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October 2004


Are You Complying with the Current Environmental Regulations?

If you operate an auto salvage yard, it is important for you to know the EPA regulations that apply to your activities. You probably need permits for wastewater discharges and need a Pollution Prevention Plan. You may also be required to notify the EPA if you generate any hazardous waste. Complying with some regulations, such as getting a permit, may take some time. So, the earlier you look into your responsibilities, the better. Listed below are some of the major environmental requirements that may apply to you and will provide you with a starting point to identify areas where your business might be subject to regulation.

The EPA regulates how Freon is handled from vehicle air conditioners. Under these regulations, refrigerants must be removed from salvage vehicles before the vehicles are recycled. The rules also set standards for Freon recovery and disposal. It is strictly against the law to vent the refrigerant into the air, so it's important that you don't try to pull a compressor or engine, etc, in the yard, until you have pumped the refrigerant out of the system.

In most states there are regulations in place for businesses that handle scrap tires.

Auto salvage yards generate used oil and oil products. These oil products subject you to the spill prevention regulations and in most cases require you to provide secondary containment for the waste fluids. The best way to manage used oil is to send it off site to a recycling company.

Antifreeze drained from vehicles is considered a hazardous waste. You CANNOT dispose of used antifreeze by pouring it into your septic system, on the ground, or in the trash. In most areas, you also cannot dispose of antifreeze in the sanitary sewer. The best option for handling used antifreeze is to have it recycled. Again, secondary containment is likely required.

Most auto salvage yards use solvents and disposable or reusable rags to clean parts or equipment. When disposed of, these solvents and rags often meet the definition of a hazardous waste. The best option to manage rags is to send them off-site to a commercial laundry for cleaning.

If batteries from vehicles are handled improperly, they can pose environmental and health hazards. Battery components are toxic and corrosive. Lead and sulfuric acid in batteries can contaminate the air, soil and water. By sending them to a battery recycling company, both the lead and sulfuric acid can be recovered from batteries. Batteries should never be stored outside, unless under a roof or in a sealed container.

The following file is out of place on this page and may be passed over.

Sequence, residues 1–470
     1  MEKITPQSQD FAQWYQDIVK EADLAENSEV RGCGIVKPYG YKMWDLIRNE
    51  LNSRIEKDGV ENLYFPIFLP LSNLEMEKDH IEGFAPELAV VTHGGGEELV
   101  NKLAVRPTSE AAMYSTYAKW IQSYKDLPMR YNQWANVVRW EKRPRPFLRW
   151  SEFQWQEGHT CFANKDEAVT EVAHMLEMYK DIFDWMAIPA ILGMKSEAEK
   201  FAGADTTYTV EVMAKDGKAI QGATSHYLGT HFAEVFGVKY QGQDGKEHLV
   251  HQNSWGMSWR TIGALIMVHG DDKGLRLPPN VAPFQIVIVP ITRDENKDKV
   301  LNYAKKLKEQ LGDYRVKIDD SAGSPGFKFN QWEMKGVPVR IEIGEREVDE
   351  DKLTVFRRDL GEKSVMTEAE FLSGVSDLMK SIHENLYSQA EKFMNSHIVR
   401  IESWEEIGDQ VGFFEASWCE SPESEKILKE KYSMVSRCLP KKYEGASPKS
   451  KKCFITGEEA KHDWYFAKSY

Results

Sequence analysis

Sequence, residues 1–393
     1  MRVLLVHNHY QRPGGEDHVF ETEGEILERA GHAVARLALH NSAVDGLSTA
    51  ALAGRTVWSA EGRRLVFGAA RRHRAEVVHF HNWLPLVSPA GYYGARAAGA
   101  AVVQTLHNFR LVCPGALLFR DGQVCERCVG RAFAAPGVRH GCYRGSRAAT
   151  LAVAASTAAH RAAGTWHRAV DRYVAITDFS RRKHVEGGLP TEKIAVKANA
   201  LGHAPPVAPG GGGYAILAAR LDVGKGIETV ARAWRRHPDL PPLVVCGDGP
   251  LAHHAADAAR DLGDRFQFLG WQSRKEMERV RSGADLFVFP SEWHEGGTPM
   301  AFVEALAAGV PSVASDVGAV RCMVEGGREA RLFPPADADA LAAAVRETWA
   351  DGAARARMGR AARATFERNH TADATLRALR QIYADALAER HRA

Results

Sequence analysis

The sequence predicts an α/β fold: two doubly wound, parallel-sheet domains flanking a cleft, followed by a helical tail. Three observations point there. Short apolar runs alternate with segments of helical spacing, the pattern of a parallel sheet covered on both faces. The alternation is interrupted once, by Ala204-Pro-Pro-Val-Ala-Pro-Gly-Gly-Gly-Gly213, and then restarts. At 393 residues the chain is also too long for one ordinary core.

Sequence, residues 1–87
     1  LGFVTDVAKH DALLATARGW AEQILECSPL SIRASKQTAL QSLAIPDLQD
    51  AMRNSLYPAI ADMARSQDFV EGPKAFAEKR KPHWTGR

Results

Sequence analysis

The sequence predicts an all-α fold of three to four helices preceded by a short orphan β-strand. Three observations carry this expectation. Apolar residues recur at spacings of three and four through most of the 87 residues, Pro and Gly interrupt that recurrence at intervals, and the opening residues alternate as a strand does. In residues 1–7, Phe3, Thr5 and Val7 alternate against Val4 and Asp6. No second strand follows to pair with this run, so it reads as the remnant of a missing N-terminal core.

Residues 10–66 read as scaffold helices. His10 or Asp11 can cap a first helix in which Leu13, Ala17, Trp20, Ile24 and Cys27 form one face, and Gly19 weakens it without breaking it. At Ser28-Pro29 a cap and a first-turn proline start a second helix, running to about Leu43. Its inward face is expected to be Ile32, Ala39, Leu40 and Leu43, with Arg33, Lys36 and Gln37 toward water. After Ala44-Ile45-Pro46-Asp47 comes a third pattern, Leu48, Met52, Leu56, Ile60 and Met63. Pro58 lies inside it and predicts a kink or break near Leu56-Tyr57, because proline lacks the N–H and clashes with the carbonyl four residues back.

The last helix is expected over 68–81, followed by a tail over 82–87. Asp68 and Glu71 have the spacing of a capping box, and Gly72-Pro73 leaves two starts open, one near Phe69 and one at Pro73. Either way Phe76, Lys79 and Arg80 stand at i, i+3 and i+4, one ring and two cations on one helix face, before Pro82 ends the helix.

An auto salvage business may generate process wastewater from equipment cleaning, car washing, paint spray booths or other sources. Any discharge of industrial wastewater to streams, rivers, lakes, ponds, marshes, watercourses, waterways, wells and springs will require a discharge permit. Many modern operations use full loop water recycling, to reuse their water used for cleaning, rather than discharging it and most cities require this on new operations.

Floor drains are found at many businesses. Some shops have small rectangular or round floor drains connected to underground piping. Do you know where the floor drains in your business go? Are you discharging wastewater or other fluids into your floor drains?

Typically auto salvage yards have outdoor areas where salvage operations are conducted or materials are stored. Storm water contacting these outdoor areas can carry pollutants such as heavy metals, oils and solvents directly to a stream, ditch, lake or other surface water. Auto salvage yards are regulated facilities and under the storm water regulations, are required to obtain a permit and develop a Storm Water Pollution Prevention Plan (SWPPP). Some of the problems you may encounter involve core engine and transmission piles, which should never be stored outside, unless under a roof.

Mercury is a highly toxic metal and is often found in vehicle hood and trunk light switches. During crushing or shredding, mercury can be released into the environment, polluting the water and soil. By removing switches at your salvage yard, you play an important role in keeping mercury out of the environment. Mercury switch removal is not difficult or expensive to do.

On a non-technical note, drums are the bane of our existence. Eliminate ALL drums outside, except for paper trash, and even those can be problematic if oily products get into them.

The EPA has identified our industry for additional scrutiny. If you don't have the proper equipment, licenses and permits, you should get them now to avoid serious fines. Most of the permits and such have been required for a decade or so, and are well publicized, so your failure to have them is going to cause a lot of expensive issues for you, and could actually shut your operation down.

Don’t forget to subscribe to Ron's free monthly auto recycling e-newsletter, with news and tips, register at www.autosalvageconsultant.com.

Remember, only you can make BUSINESS GREAT!

Ron Sturgeon is past owner of AAA Small Car World. In 1999, he sold his six Texas locations, with 140 employees, to Greenleaf. In 2001, he founded North Texas Insurance Auction, which he sold to Copart in 2002. In 2002, his book “Salvaging Millions” was published to help small business owners achieve significant success, and was recently reprinted. In June 2003, he joined the new ownership and management team of GreenLeaf. He also manages his real estate holdings and investments. You can learn more about him at WWW.autosalvageconsultant.com He can be reached at 5940 Eden, Haltom City, TX 76117, rons@rdsinvestments.com or 817-834-3625 ext 6#.


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